Andrew - 13/04/2019
Says the scale is “ 1-3/8” = 1’. “ No such thing to my knowledge. It’s certainly not on an architect or engineering scale, is it something on some industrial design scale? What is it?
Howard Barnett - 13/09/2021
That's the ratio. The scaling. It just is what it is. You may find this an uncommon choice of scaling. So do I. But to say there is no such thing? The ratio clearly exists. As does the model. It shows up in photographs :)
SteveWMD - 13/09/2021
Howard, before decimalisation became current in Angloplaces until rather recently this was one of the usual ways to state scale ratios in inches, feet, etc, please see here: https://en.wikipedia.org/wiki/Imperial_units
Therefore developing 1-3/8” = 1’ we have:
=> 1in + 3/8in = 1ft (12in)
=> 11/8 in = 96/8in
=> 1/8.727272... an infinite periodic decimal*
This sounds rather awkward but back then it did make sense, and if you grew under the Imperial system this was natural to you.
I was schooled in the SI system but learnt to handle Imperial units from an early age as all my air modelling magazines were British or USA, and my balsa came in inch fractions. I had to adapt in order to survive, even though my models still regularly crash whatever the unit system employed.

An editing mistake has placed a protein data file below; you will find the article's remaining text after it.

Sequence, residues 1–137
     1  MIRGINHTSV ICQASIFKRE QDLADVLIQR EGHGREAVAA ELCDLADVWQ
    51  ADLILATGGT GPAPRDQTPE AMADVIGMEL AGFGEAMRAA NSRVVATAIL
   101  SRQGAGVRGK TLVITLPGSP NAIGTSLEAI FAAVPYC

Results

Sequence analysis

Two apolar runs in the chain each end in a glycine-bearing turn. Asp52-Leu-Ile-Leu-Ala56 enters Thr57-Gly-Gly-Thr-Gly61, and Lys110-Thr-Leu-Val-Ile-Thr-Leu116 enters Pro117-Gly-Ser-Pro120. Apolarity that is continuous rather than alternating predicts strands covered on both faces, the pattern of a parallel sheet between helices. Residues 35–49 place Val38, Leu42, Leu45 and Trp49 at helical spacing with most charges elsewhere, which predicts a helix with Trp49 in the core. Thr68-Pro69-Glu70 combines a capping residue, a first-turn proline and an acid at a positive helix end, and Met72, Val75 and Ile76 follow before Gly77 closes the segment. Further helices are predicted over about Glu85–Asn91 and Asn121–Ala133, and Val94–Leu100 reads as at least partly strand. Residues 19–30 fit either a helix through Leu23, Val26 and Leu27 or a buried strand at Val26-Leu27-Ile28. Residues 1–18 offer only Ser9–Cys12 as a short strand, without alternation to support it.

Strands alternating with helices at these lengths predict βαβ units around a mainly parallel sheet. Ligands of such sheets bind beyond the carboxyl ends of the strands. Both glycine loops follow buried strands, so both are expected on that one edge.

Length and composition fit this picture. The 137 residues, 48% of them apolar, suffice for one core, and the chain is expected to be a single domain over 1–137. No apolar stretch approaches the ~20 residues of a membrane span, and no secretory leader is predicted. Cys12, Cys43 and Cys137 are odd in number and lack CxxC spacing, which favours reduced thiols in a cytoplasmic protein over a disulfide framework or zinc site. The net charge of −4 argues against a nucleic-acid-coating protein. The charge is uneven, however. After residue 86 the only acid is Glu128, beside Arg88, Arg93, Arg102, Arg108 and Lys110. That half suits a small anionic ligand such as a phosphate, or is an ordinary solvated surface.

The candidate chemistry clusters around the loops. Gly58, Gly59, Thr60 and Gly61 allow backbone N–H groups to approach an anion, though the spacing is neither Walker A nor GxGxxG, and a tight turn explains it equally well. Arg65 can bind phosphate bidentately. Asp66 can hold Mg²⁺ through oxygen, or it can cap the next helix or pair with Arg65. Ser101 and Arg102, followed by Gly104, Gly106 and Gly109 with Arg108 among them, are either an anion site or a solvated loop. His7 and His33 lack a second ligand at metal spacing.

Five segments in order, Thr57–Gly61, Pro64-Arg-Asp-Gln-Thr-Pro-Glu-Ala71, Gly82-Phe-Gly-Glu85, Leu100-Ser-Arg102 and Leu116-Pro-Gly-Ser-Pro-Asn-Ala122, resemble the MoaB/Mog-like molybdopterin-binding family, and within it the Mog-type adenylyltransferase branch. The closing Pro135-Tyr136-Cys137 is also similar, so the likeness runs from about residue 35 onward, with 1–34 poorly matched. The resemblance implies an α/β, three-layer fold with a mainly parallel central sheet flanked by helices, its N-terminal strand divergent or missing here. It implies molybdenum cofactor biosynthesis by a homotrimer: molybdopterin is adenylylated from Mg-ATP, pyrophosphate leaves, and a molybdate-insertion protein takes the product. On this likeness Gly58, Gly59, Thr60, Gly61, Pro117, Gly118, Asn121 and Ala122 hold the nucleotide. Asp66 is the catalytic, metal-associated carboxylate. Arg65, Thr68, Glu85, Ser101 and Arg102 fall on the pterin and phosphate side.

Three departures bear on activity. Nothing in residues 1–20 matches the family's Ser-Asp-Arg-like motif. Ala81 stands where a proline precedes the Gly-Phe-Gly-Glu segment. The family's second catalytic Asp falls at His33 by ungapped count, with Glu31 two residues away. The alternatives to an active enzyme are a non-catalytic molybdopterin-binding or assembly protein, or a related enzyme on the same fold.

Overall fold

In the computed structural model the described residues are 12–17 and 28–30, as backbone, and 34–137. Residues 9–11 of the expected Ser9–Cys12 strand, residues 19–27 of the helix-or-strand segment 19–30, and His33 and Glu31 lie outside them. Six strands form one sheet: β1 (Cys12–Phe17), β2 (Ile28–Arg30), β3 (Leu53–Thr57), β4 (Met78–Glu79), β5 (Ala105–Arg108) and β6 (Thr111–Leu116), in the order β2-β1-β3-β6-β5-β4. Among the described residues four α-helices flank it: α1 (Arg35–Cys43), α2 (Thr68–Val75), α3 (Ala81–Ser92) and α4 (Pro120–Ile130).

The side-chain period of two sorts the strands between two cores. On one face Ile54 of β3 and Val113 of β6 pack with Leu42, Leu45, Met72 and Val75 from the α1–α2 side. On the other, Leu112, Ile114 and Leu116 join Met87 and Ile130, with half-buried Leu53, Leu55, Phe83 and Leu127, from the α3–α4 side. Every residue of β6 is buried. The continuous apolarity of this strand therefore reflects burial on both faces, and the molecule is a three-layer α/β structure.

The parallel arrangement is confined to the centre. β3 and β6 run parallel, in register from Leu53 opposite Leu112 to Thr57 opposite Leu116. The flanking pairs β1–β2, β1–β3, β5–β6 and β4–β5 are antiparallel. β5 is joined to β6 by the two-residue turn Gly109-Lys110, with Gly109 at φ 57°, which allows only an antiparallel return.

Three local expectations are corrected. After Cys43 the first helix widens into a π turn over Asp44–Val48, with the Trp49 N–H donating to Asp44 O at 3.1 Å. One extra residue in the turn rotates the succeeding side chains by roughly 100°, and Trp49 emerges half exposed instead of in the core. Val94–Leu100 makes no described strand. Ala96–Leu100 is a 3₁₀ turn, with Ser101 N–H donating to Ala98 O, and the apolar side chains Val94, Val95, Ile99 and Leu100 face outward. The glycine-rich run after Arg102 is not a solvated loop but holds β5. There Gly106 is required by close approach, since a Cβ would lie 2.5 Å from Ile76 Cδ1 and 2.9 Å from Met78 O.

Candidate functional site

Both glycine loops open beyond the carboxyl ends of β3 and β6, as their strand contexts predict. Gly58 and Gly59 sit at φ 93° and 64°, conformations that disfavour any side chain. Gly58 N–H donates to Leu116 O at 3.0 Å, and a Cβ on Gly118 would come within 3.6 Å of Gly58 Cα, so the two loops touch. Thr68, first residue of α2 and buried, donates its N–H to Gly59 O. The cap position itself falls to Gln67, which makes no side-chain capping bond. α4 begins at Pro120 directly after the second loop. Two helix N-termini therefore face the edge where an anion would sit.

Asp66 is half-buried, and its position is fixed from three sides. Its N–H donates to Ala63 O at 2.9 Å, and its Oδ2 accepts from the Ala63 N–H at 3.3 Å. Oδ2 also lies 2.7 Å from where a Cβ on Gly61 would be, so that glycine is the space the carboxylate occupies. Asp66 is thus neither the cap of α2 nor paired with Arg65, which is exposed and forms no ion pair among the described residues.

* see this one too: https://encyclopedia2.thefreedictionary.com/Infinite+Periodic+Decimal
Miguel - 13/09/2021
It would be better if I add a practical example. Say you have a stabilizer spanning 9 1/2ft to be scaled down to the scale factor above (1 3/8" = 1'). What do you do? Simple. Adding parentheses for visibility, you multiply (9 1/2) by (1 3/8), your scale stabilizer then spans (13 1/16")! Or 331.7675mm in a decent system after factoring in the 25.4 mm = 1" conversion :-)
Miguel - 13/09/2021
The wingspan of the full size PC-6 is listed as 52 ft. Using the 1-3/8"=1 ft scale, the model's span should be 71.5". (measures ~68") Details, details....
DaveD - 13/09/2021
Hi Steve, When I was preparing myself to answer Howard Barnett’s ‘*weird scale’* musings, Miguel charged along and answered it better than I would be able to. But a few more lines might not come amiss?